Households paying 22% of earnings on mortgage repayments

Households paying

The average household is forking out £1,139 per month when repaying their mortgage

The average household is now paying 22% of its monthly earnings on the cost of repaying their mortgage, up from 16% since the start of this year alone, the latest research by Octane Capital has shown.

The specialist property lender analysed the current cost of repaying a mortgage across each area of the British property market, before comparing this to the average annual gross earnings of a household in each area based on two incomes per household, to see just how much of the household income a mortgage now requires, as well as how this cost has changed since the start of the year.

With the average adult earning £2,635 per month, the average British household benefitting from two incomes is taking home a gross monthly income of £5,270.

Based on borrowing at the latest mortgage rates and with 75% loan to value mortgage on the current average house price of £295,747, the average household is forking out £1,139 per month when repaying their mortgage. This accounts for 22% of a household’s gross monthly income.

This proportion of income required has also increased by 6% so far in 2022.

London is predictably the least affordable region when it comes to mortgage market affordability. The average household across the capital is currently spending 30% of their gross monthly to cover their monthly mortgage repayments, followed by the South West (27%), and South East (26%).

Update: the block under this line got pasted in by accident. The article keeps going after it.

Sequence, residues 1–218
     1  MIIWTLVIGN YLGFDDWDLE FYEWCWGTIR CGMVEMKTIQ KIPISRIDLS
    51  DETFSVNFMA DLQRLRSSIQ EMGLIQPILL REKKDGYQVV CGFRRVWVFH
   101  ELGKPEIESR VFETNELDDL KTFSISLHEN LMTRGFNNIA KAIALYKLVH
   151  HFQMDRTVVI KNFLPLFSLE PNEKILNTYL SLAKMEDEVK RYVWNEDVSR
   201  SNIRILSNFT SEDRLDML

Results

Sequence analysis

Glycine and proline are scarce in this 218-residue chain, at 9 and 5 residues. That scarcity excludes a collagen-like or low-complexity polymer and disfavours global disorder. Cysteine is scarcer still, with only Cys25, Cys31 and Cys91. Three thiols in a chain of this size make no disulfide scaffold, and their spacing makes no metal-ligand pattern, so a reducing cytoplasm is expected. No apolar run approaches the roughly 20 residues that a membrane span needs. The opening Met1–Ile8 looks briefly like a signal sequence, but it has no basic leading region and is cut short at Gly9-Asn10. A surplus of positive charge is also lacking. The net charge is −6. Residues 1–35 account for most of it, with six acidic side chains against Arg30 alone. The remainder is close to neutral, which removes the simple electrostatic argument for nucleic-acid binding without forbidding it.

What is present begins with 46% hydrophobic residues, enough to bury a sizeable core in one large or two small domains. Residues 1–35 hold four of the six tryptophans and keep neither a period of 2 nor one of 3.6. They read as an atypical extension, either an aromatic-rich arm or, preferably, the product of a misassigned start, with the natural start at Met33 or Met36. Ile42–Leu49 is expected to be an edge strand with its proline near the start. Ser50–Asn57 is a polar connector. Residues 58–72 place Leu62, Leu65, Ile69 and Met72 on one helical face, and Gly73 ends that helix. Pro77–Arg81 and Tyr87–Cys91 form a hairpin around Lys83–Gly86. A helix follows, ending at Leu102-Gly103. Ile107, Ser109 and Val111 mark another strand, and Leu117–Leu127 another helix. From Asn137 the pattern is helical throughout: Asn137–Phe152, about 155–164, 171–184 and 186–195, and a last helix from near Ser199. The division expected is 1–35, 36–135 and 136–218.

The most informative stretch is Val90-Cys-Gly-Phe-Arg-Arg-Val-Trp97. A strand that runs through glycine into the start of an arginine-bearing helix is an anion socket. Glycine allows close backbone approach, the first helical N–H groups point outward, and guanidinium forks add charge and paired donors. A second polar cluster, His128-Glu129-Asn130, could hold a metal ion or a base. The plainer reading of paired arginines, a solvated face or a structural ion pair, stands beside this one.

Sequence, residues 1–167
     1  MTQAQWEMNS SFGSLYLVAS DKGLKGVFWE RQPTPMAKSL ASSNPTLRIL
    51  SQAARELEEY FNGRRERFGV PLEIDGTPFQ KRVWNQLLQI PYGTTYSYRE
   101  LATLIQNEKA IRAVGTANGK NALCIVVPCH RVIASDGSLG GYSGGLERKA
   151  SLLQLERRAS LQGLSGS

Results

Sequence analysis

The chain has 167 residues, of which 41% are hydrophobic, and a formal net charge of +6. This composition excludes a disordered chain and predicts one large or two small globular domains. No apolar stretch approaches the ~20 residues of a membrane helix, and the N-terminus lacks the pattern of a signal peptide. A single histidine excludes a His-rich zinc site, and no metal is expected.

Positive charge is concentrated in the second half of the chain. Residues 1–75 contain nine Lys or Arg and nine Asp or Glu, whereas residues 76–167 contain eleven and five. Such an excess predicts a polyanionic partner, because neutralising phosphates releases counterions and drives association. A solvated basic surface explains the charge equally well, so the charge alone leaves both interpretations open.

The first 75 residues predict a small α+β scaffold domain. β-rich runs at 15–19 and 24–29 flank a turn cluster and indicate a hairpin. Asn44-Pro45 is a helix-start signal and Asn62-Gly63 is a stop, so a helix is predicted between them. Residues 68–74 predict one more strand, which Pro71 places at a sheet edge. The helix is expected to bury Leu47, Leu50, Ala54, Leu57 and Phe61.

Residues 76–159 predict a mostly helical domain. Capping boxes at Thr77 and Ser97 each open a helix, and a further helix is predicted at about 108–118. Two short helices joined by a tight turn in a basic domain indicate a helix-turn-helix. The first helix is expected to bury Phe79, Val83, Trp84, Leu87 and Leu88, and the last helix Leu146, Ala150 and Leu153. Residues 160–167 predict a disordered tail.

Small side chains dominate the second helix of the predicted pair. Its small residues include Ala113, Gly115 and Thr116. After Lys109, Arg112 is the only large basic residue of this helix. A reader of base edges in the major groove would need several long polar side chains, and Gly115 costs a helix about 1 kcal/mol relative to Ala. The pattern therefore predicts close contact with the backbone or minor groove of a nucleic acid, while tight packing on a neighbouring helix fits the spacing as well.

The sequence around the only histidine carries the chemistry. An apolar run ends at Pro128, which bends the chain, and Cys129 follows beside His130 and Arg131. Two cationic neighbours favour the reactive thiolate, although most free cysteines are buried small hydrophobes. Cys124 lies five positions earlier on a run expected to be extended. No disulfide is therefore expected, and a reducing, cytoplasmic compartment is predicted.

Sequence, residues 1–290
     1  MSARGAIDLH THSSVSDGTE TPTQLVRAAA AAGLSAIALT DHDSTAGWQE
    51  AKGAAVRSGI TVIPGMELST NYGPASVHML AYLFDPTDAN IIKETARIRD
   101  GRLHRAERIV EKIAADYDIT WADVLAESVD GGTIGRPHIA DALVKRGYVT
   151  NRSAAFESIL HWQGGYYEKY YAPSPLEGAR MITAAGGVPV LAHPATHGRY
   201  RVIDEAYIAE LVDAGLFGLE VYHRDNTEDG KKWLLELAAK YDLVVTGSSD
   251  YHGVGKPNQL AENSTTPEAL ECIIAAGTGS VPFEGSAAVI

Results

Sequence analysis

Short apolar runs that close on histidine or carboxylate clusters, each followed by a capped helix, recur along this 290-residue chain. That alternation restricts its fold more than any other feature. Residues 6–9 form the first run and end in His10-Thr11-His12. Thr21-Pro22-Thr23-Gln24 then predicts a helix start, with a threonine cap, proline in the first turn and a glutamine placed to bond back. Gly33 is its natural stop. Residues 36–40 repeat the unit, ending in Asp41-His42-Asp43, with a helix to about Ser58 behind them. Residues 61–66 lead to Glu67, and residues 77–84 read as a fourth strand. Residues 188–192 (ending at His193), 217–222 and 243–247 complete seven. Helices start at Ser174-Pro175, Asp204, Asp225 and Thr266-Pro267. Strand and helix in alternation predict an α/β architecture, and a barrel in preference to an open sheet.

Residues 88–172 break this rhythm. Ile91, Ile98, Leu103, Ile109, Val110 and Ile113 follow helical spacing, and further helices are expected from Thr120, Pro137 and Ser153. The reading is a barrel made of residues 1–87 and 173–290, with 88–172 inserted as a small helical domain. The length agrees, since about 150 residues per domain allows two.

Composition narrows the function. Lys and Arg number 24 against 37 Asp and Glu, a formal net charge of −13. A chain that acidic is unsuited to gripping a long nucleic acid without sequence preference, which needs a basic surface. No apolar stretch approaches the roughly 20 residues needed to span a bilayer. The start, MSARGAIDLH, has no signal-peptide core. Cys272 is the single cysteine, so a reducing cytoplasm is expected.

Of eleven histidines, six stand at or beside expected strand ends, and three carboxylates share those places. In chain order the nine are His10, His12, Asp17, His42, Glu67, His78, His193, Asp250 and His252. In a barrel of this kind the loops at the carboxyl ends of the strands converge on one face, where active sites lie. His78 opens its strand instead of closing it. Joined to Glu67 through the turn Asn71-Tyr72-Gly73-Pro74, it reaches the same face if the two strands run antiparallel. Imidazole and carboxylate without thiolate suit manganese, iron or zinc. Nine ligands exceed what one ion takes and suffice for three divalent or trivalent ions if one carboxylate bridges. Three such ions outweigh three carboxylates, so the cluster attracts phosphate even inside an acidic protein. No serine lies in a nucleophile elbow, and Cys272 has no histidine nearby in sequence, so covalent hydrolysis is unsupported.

The current outlook for the nation’s homebuyers and owners is becoming increasingly difficult and it really demonstrates just how high the cost of homeownership has climbed when nearly a quarter of household income is swallowed up by mortgage repayments, Jonathan Samuels, chief executive at Octane Capital, commented.

Samuels said: What’s more, this proportion of income required to cover our mortgage repayments has been climbing steadily since the start of the year and is likely to continue doing so, as mortgage rates are predicted to increase to as high as 6%.

Disclaimer: The opinions expressed by our writers are their own and do not represent the views of Invest for Property. The information provided on Invest for Property is intended for informational purposes only. Invest for Property is not liable for any financial losses incurred. Conduct your own research by contacting financial experts before making any investment decisions.

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